A second-summer Least Tern ventured to Lake Ontario at Braddock Bay 8 July (Jim Miles, Laurie Mattle), only the fourth Rochester area record. Although Least Terns nest on interior rivers, they do not breed on the Great Lakes. Coastal New York had about 3403 pairs at 61 sites. Biggest were the Fire Island Wilderness Area (444 pairs) and Mattituck Inlet, Southold (210 pairs), both Suffolk (KAJ). In New Jersey, 1143 adults were present at 17 sites, the largest being Stone Harbor Pt., Cape May, with 300+, followed by Holgate-North, Ocean, with 260 adults (CD, EH). In Delaware, Least Terns did not nest at Cape Henlopen for the first time since monitoring began (ADeR-W).

The Stony Brook team found a Bridled Tern on debris in Hudson Canyon, about 100 miles off Long Island, 19 July (MF, RH). Observations unrelated to hurricanes are rare. It was not a census year for Black Tern. Black Skimmers are reduced to two colonies in New York: Nickerson Beach, with about 552 individuals (JZ), and Arverne, Queens, with 100 on 4 and 28 July (Corey Finger). A total of 2330 adult Skimmers were counted at five New Jersey locations. As has been the case since 2010, 80% were at Seaview Harbor Marina, Longport, Atlantic, with about 2123 adults and 772 chicks (EH, CD). Although skimmers loaf in Delaware (e.g. 58, Bombay Hook, 11 Jun, LB), none seem to breed there.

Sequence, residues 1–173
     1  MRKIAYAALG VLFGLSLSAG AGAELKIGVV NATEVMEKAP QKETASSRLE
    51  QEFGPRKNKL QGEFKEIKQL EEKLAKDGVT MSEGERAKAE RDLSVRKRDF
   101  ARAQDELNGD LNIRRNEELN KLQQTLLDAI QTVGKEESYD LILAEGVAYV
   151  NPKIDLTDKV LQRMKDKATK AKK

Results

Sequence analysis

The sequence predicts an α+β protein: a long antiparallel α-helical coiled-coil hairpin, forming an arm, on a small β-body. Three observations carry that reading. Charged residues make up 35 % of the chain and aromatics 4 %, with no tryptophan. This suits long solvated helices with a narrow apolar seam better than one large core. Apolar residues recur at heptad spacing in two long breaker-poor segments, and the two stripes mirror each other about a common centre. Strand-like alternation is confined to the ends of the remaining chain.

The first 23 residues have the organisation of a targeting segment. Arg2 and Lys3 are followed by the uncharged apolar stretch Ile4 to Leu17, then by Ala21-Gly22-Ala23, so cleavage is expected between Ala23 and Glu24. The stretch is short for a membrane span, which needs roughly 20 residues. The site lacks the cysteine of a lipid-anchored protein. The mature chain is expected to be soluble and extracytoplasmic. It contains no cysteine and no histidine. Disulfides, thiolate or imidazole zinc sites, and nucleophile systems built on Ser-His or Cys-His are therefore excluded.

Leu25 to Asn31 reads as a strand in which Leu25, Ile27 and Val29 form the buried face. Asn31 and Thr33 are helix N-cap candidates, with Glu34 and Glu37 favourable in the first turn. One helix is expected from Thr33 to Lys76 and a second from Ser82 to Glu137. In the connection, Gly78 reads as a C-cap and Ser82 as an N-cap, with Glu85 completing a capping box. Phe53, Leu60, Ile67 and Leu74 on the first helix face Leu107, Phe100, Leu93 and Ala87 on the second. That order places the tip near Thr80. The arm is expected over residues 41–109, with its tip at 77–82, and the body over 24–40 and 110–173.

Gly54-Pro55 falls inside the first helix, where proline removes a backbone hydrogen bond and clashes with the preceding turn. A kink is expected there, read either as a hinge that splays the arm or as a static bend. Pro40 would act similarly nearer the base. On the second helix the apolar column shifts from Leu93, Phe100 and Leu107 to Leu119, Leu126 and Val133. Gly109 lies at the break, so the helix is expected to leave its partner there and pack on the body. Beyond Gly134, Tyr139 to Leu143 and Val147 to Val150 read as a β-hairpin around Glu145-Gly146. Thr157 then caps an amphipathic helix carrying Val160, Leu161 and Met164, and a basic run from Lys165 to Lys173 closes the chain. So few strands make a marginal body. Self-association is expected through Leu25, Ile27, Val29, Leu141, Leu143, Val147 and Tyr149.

LOONS THROUGH PELICANS

An unprecedented Pacific Loon summered around Nummy Island, Cape May, NJ 18+ July (Josh Nemetz, Travis Davis, ph. SG). The eighteenth New York Loon Census found 607 Common Loons on 153 lakes out of 199 censused, mostly in the Adirondacks. The age breakdown was typical: 519 adults, 79 chicks, and 9 immatures (Adirondack Center for Loon Conservation).

Shearwaters streamed off LI, often on strong southeast winds. Historic numbers passed Robert Moses in thirty minutes early 23 Jun: 750 Cory’s, 500 Sooty, and 75 Greater shearwaters (SM, K&SF, DF, MZ). A research team from the Stony Brook University School of Marine and Atmospheric Sciences found two White-faced Storm-Petrels: one south of Hudson Canyon, 5–10 miles east of the continental shelf 17 July, and another at the canyon’s east edge 19 July (MF, RH). This team also found a Brown Booby on 30 July 15.9 miles off Fire Island Inlet (MF et al.), but none were reported ashore.